(Such a question is likely get a fuzzy answer as to what our interests are, and a rhetoric laced statement about terrorists or AQ in return. That should then open the door to hard questions about the nature of AQ as an organization and their operations and how to best deal with them around the globe in a whole of government approach in conjunction with our allies, who by the way, have their own national interests which some may be shocked to learn do not necessarily coincide with, nor subjugate themselves to US interests.)
    Robert C. Jones
    Intellectus Supra Scientia
    (Understanding is more important than Knowledge)

    "The modern COIN mindset is when one arrogantly goes to some foreign land and attempts to make those who live there a lesser version of one's self. The FID mindset is when one humbly goes to some foreign land and seeks first to understand, and then to help in some small way for those who live there to be the best version of their own self." Colonel Robert C. Jones, US Army Special Forces (Retired)

  18. #518
    Council Member slapout9's Avatar
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    Quote Originally Posted by Bob's World View Post
    So, good questions like:

    "What do you believe America's top 5 interests to be, and could you explain which of those interests are so deeply rooted in Afghanistan that you are willing to risk damage to them everywhere else to wage a war over them in that one country?"
    That is a good question! Which usually gets you on the path to a solution.

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    Default OK, Bob, our personal opinions coincide ....

    for whatever they are worth - yours I suspect worth more than mine:

    from BW
    But in Afghanistan and Iraq, and the Philippines, and in dozens of other countrieis what we are really doing is countering AQ's UW campaign. THAT is the "War" for the U.S.; not any one particular area of operations where there are aspects of that complex problem set to be dealt with. In some of those countries we are helping to resolve nationalist insurgincies being inspired, supported, etc, by AQ. In others we are dealing with nodes of the UW network that AQ employs to execute this campaign. In others we deal more directly with AQ itself. In some we do all three. But in NONE of those countries are we in a war specific to that country. AQ is waging a global UW campaign, and no one country or insurgency they are working with is essential to them in the pursuit of their larger political goals. Similarly, no one country is essential to the US in the pursuit of our political goals.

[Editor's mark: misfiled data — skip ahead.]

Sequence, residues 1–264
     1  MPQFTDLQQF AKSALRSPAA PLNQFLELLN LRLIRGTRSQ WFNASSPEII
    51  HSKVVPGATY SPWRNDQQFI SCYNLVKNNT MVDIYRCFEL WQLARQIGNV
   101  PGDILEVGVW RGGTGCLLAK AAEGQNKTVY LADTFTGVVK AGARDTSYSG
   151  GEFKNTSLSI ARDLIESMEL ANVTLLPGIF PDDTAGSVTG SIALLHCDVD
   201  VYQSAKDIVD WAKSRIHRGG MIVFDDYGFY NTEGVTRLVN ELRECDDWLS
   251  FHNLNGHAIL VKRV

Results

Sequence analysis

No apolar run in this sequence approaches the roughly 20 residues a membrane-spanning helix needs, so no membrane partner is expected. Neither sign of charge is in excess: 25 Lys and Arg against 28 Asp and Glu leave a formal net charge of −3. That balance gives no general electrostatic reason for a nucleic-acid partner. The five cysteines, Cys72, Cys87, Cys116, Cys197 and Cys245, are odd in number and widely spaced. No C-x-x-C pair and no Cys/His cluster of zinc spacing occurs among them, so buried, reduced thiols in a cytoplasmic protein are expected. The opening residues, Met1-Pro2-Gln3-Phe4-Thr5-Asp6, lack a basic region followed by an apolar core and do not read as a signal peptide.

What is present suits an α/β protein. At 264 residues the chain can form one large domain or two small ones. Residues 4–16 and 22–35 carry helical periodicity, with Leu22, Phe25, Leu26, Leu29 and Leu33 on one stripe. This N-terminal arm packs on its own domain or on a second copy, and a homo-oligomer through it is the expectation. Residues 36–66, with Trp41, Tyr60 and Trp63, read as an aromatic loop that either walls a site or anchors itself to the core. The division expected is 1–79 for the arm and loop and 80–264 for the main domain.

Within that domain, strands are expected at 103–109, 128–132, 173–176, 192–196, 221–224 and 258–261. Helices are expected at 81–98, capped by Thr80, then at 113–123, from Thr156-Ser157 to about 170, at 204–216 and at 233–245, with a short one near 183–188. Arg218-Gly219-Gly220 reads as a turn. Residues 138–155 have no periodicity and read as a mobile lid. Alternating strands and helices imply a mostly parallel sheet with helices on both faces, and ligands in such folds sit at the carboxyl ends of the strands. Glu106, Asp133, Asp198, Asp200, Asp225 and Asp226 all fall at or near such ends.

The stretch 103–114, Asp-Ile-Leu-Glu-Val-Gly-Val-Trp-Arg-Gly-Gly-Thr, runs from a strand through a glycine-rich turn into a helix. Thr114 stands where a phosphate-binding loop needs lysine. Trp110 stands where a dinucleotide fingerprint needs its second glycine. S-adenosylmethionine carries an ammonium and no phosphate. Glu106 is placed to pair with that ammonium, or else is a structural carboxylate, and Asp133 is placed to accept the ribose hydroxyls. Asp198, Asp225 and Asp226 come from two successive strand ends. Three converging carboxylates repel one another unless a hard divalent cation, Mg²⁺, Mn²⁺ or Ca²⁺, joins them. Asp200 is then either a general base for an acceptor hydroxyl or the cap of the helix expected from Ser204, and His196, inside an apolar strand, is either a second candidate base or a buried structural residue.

My only semantic change would be to substitute "existential" for "essential" - in short, AQ's existence will not cease because of its plan being defeated in one country; and neither will the existence of the US if we suffer a "defeat" in one country. So, we can take a deep breath before darting from crisis to crisis.

    Getting back to the larger point. AQ is setting or assisting those mulktiple "brushfires" by using a very small footprint in terms of its own operatives. I throw this out for discussion. Would not logic suggest that we (US) also follow the small footprint model if our target is AQ ?

    Yet, we see estimates (IIRC ten-year projections) of trillion dollar costs for maintaining approximately a 100K force (present + in pipeline) in Astan. Based on GEN McChrystal's supposed request options that would not be optimum for what he wants to do (the 60-80K top range adds). That is scarcely a small footprint in either case.

    Best to all

    Mike

  20. #520
    Council Member Bob's World's Avatar
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    Mike,

    The General's estimates are, if anything, conservative for a mission of "nation building, US-led COIN for Afghansitan coupled with CT on AQ." If he were to be given a redefined mission he and his staff would provide a new plan with a different estimate.

    Even in a "countering AQ UW" approach, Afghanistan remains important, and it would have a Deter mission on Insurgencies in those two countries (AF/PAK), Disrupt on the UW Network nodes that are critical to AQ's support of those insurgencies; and an appropriately tailored Defeat of AQ senior leadership (done in a fashion so as not to actually increase their support and effectiveness in other regions of the globe, or to destabilize the fragile governments of Afg or Pak further than they currently are.) This would still require a significant number of US troops, but by changing the context of the operation and the ways we pursue our ends you can begin to right-size both the footprint AND the public perception of the importance of this particular AOR in the context of the global mission-set and US interests as a whole.
    Robert C. Jones
    Intellectus Supra Scientia
    (Understanding is more important than Knowledge)

    "The modern COIN mindset is when one arrogantly goes to some foreign land and attempts to make those who live there a lesser version of one's self. The FID mindset is when one humbly goes to some foreign land and seeks first to understand, and then to help in some small way for those who live there to be the best version of their own self." Colonel Robert C. Jones, US Army Special Forces (Retired)